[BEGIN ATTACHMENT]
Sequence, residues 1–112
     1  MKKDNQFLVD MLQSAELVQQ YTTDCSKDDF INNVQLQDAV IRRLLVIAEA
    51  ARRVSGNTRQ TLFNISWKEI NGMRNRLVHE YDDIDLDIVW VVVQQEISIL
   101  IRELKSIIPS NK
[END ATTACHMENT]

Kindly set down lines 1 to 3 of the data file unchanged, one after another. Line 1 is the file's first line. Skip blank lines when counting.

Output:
Sequence, residues 1–112
     1  MKKDNQFLVD MLQSAELVQQ YTTDCSKDDF INNVQLQDAV IRRLLVIAEA
    51  ARRVSGNTRQ TLFNISWKEI NGMRNRLVHE YDDIDLDIVW VVVQQEISIL